Tregs represent a subset of CD4+ cells that suppresses the functions of other lymphocytes and are characterized by surface expression of CD4 and CD25 and nuclear expression of the transcription factor FOXP3. Recently, many functions of FOXP3 and its influence on the immune system have been elucidated. Tregs influence the development and expression of atopy and the allergic response.9-11
Adaptive FOXP3+ Tregs are essential for establishing mucosal tolerance and for suppressing IL-4 production.17
Decreased expression of FOXP3 has been reported in asthma and allergic rhinitis,12,18
although there have been no studies to compare FOXP3 expression in nasal polyps and allergic nasal mucosa or to define the role of Tregs in NP pathogenesis. In the present study, we compared the levels of FOXP3 expression in allergic nasal mucosa and nasal polyps and demonstrated lower expression of FOXP3 in nasal polyps.
Recently, NPs were characterized by a polarized Th2 reaction and eosinophilic inflammation and high IgE levels, irrespective of atopic status. We have recently reported that high-level expression of TSLP correlates strongly with the numbers of eosinophils in nasal polyps and also IgE, irrespective of atopic status.8
In the present study, we demonstrate decreased numbers of FOXP3+ cells in nasal polyps, as compared to allergic nasal mucosa. These lower numbers of FOXP3+ cells observed in patients with NP may result in unopposed overexpression of Th2 cells and the increased migration and activation of dendritic cells, eosinophils, and mast cells.
High IgE concentrations have been found in nasal polyps, indicating that IgE is produced locally.19-21
Suh et al.20
also reported a polyclonal hyper-immunoglobulinemia E, associated with the presence of IgE specific for S. aureus
enterotoxins (SAE), colonization with S. aureus
, and increased eosinophilic inflammation in a relevant subgroup (about 50%) of nasal polyp patients. These authors also reported a strong correlation between the levels of IgE in nasal polyps and the presence of nasal eosinophils. Our recent study demonstrates that the high levels of IgE seen in nasal polyps are in good correlation with the number of TSLP+ cells in nasal polyps as well as between TSLP and eosinophils, irrespective of atopic status.8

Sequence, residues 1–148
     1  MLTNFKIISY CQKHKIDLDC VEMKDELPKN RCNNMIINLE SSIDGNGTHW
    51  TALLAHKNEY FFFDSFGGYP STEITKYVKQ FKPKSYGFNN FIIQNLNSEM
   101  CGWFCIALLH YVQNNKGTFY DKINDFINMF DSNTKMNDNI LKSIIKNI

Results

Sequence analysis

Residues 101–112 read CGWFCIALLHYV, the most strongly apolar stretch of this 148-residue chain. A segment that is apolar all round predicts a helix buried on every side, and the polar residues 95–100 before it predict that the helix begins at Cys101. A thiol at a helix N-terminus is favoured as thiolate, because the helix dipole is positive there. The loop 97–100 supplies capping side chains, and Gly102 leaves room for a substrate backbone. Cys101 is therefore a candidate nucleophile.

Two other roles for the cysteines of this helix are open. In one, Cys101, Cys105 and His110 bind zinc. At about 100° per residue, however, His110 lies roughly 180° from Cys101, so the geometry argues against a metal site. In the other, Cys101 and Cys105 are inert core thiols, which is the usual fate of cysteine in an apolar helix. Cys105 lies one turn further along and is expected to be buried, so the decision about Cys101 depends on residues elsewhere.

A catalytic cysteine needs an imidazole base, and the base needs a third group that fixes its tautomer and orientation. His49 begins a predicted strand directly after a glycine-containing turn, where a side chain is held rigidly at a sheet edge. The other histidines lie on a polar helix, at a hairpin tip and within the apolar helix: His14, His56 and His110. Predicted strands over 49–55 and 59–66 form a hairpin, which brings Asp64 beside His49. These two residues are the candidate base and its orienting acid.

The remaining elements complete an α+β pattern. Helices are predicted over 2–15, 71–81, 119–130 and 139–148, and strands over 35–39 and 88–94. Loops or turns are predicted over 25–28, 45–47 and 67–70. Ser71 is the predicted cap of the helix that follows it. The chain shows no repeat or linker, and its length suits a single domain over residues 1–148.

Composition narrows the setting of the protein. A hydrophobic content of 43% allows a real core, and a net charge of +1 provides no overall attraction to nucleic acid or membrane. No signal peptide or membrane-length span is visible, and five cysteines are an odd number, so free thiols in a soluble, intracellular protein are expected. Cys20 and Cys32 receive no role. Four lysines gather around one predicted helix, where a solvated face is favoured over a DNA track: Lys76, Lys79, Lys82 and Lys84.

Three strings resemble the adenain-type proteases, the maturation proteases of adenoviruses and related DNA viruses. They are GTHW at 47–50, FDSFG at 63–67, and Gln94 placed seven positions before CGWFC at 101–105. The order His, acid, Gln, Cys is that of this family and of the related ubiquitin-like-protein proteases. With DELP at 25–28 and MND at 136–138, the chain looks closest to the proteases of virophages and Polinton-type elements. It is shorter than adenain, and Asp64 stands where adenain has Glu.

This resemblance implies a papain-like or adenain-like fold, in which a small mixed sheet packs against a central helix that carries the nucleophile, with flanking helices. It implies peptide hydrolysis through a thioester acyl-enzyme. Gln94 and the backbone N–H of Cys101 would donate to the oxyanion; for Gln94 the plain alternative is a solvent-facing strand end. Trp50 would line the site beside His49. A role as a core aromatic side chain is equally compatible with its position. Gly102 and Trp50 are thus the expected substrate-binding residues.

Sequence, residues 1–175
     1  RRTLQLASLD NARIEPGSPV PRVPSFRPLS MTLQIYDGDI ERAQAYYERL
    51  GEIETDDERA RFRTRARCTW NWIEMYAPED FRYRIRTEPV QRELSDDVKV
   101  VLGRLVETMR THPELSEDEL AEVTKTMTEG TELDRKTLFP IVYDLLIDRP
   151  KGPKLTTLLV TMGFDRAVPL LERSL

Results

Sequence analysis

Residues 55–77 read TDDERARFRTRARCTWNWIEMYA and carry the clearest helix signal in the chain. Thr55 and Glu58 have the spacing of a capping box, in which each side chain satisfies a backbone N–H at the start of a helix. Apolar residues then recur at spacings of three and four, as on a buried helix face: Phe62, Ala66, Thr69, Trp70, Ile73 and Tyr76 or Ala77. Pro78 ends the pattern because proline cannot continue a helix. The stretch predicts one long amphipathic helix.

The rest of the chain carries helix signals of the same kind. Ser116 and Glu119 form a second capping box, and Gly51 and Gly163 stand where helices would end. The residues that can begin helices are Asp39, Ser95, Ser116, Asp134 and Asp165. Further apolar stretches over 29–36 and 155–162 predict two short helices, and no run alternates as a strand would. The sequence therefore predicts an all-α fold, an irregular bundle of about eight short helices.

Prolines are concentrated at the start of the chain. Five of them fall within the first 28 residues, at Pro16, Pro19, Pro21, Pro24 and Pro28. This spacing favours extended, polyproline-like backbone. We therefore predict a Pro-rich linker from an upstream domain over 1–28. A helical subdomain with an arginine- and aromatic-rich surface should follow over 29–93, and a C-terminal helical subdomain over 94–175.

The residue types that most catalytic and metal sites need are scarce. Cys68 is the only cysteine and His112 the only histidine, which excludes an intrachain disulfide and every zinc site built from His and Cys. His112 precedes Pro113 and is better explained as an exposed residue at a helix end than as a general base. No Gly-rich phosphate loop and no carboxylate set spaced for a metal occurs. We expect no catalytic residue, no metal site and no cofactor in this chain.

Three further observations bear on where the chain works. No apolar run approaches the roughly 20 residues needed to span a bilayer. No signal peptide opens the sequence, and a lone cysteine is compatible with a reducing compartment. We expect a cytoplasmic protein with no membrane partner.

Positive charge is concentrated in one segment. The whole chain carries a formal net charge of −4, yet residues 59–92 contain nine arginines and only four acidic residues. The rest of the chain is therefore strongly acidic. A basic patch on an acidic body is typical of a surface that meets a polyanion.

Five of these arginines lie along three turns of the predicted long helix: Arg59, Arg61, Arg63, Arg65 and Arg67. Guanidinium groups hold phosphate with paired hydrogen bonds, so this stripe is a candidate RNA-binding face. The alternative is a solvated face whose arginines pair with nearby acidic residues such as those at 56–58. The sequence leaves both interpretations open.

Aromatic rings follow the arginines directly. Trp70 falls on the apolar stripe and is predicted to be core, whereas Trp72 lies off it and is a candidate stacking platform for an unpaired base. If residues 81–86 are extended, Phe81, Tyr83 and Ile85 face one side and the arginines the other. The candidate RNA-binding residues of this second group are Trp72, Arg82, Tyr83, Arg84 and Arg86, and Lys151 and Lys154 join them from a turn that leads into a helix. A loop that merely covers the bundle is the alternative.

Moreover, the levels of TARC/CCL17 and macrophage-derived chemokine (MDC) were also high in the nasal polyps.8
In the present study, we also found lower numbers of CD4+FOXP3+ cells in the nasal polyps than in the allergic nasal mucosa, irrespective of atopic status.
It has been suggested that S. aureus
secretes exotoxins that may act as superantigens and upregulate the variable beta region of lymphocytes in chronic hyperplastic sinusitis with NP.7
Recently, Van Bruaene et al.22
reported lower expression of FOXP3 mRNA in chronic rhinosinusitis. In the present study, we compared the levels of expression of FOXP3 in the nasal mucosa of patients with AR and NP, as well as in the nasal polyps from atopics and non-atopics. While the numbers of Tregs in the nasal mucosa of patients with AR are reported to be low, we detected a decrease in the number of CD4+
Tregs in both the atopic and non-atopic nasal polyps. In this context, Pérez Novo et al.23
recently assessed the effect of S. aureus
enterotoxin B (SEB) on T-cell activation in patients with nasal polyps and asthma, and its possible link to aspirin hypersensitivity. SEB significantly increased the levels of IFN-γ, IL-4, TNF-α, IL-5, and IL-2 in the supernatants of both NP polyp groups with asthma but with and without aspirin sensitivity compared with controls. The baseline level of FOXP3 was significantly decreased in both NP-asthma groups. After incubation with SEB, FOXP3 was significantly up-regulated in the control group, but not in the NP-asthma groups. These researchers concluded that although SEB induces both Th1 and Th2 pro-inflammatory responses in patients with NP and asthma, regardless of the presence of aspirin hypersensitivity, the nature of this response may be linked to the basal deficiency of FOXP3 observed in the NP-asthma patients. Therefore, the deficiency of FOXP3 may lead to the enhanced Th2 inflammation in the NP of atopics and non-atopics and the high level of IgE, irrespective of the atopic status.
These data suggest that the suppressive function of Tregs may be partially inhibited. This might partially explain the more pronounced Th2-type inflammation and eosinophilic inflammation in nasal polyps, as compared to the allergic nasal mucosa. Furthermore, there is no reported statistically significant difference between the lymphocyte subpopulations of atopic and non-atopic patients.24,25
Taken together, the present findings indicate that the deficiency of Tregs in nasal polyps may play an important role in enhancement of the severity of Th2 inflammation in nasal polyps and the persistence and progression of NP. Furthermore, these results point to increasingly important roles for T cells in chronic rhinosinusitis with nasal polyposis.